Our Business In Audio series is a set of interviews where we delve into the challenges of growing and developing a company in today’s audio market and economy. This is a slightly different slant to the usual product focused discussions. Here we are more focused on the people and the business challenges in staying relevant in a competitive and ever-changing environment.
The companies we will speak to are from all around the world and both big and small. Our 7th company for this features one of the finest tube amplifier manufacturers in Poland, Feliks Audio. Mike has been a huge fan of their headphone tube amps and has rated them highly including handing out annual awards for their work over the last 2-3 years. It is no surprise then we would want to sit down with one of the key stakeholders in this family-run business, Lukasz Feliks.
A lot of readers will know your brand and products but maybe not so much about you. Can you give us a little background on your career and why you started or work with this brand?
When my father, Henryk Feliks, founded Feliks Audio over 20 years ago, following his great passion for building sound amplifiers and listening to quality music, he didn’t expect that many years later all 3 of his sons will eventually join him!
In 2014 we all teamed up and decided to bring Feliks Audio to a new level and also to elevate it from purely domestic (Poland) to international reach. We believed what our father has been making had so much passion and quality in it that we wanted more people to hear it.
I take care of business development at Feliks Audio, as well as financial matters (well, I’m actually a public chartered accountant by trade), my brother Piotr is supporting the father with R&D and technical matters (he’s also an electronics engineer) and Michal takes care of branding & design as well as local suppliers. In a small company you need to multi-hat, but it’s fun!
What are the challenges in launching a new product on the market?
For a boutique brand like us, very often the limited media coverage and actually reaching the desired customer is often a challenge. Social media are being a new tool here now that cannot be underestimated.
Another challenge is getting the pricing right. Our products are not mass volumes and usually quite specialized so it’s finding the sweet spot between offering great value for the customer, making some profit and getting the right “price perception” by the market.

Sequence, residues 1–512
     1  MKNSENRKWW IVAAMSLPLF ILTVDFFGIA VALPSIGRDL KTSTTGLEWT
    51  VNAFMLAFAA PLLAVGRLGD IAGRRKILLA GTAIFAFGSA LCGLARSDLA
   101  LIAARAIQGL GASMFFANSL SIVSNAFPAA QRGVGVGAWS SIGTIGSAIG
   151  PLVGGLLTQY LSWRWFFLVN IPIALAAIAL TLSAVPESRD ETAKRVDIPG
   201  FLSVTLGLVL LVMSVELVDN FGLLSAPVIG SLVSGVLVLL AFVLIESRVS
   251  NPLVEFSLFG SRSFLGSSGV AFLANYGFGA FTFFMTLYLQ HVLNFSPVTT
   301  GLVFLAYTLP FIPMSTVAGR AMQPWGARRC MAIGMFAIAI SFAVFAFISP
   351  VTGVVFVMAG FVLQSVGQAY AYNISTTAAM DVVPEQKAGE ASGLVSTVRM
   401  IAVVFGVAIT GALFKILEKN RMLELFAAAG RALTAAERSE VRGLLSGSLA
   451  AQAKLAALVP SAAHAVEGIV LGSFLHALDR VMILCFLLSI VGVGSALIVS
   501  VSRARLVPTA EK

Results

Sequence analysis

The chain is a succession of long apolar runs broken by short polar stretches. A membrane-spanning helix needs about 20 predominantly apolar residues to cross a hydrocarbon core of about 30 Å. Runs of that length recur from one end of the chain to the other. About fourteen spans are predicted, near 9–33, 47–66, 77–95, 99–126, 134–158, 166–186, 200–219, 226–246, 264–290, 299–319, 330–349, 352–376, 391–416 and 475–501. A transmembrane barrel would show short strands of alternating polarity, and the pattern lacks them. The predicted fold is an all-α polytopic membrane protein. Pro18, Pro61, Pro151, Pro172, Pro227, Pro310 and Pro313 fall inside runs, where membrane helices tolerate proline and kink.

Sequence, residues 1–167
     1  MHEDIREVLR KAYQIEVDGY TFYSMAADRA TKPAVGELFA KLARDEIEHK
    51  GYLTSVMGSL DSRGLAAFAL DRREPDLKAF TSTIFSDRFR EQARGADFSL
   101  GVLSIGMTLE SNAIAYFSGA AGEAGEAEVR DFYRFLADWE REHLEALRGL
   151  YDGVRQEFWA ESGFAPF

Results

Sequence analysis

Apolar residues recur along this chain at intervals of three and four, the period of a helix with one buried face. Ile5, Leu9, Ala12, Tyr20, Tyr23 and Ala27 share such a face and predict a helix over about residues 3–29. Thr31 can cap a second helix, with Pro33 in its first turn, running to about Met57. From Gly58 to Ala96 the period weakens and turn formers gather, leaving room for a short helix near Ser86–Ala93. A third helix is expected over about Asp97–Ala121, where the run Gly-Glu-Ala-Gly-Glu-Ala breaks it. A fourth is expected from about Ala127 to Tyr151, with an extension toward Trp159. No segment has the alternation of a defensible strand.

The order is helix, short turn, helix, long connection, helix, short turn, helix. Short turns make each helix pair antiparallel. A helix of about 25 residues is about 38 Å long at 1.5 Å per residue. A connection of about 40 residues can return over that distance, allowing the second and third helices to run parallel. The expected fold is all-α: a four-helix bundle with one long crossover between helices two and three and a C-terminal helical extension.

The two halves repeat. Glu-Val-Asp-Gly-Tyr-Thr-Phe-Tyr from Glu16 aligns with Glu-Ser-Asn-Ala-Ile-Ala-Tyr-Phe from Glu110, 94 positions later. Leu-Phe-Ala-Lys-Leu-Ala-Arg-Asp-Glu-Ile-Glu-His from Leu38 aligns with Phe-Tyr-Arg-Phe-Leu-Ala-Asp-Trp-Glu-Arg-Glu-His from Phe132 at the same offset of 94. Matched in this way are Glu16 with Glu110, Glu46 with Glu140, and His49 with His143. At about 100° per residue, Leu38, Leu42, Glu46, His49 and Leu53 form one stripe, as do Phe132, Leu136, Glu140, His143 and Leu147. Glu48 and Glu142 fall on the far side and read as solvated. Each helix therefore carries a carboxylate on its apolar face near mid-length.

If you could define your typical customer, what would they be?
Usually, it would be a music passionate, with already some experience in the hi-fi / head-fi market. Probably in a stable financial situation and with a decent budget to spend on the hobby. At the same time a smart shopper that spends a lot of time doing research online before making a purchase.
Right now, which geographical and vertical markets hold the most traction with you? Is there a different pitch you need to work within each of your key markets?
As we are Europe based, this is also currently our biggest market. Another important market for us is the USA, where we do only direct (internet) sales but have a big group of fans so would like to spend some more time with them, perhaps via shows like CanJam.
Asia is slowly becoming a big player for us, though this market is often more IEM rather than headphones driven, so the amplifier is not an obvious part of the chain, but this creates big opportunities for us.
How significant or important do you think partnerships with other audio companies are in this day and age? Does secondary product marketing play a strong influence on how you approach your core product marketing?
I think it’s becoming more and more important. Especially with the power of social media, we can greatly leverage with each other. What’s key for me is not just business compatibility but also the company’s core values must be aligned – for example, that’s why it felt natural for us to work on many occasions with ZMF Headphones and Zach himself.
How much of a factor are personalities in driving a brands success? For example, Steve Jobs and Apple often went hand in hand. Is that something you believe in or do you prefer the product to stand on its own two feet?
I fully believe in this connection. Very often the brands translate the owners’ personalities. I hope it’s also in our case – we like to think of Feliks Audio as ultimate quality, made with passion, no shortcuts taken, respectful and slightly understated in the looks.
How much of a factor are trade shows and meeting your customers in person when it comes to your product strategy?